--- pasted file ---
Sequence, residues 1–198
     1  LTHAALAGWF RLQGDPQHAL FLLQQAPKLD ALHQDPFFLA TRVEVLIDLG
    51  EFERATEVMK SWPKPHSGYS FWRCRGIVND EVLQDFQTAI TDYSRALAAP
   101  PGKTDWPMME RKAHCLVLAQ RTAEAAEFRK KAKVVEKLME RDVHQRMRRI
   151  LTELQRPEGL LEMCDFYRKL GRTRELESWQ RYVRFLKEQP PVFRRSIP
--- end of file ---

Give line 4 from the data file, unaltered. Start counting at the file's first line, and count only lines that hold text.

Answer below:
   101  PGKTDWPMME RKAHCLVLAQ RTAEAAEFRK KAKVVEKLME RDVHQRMRRI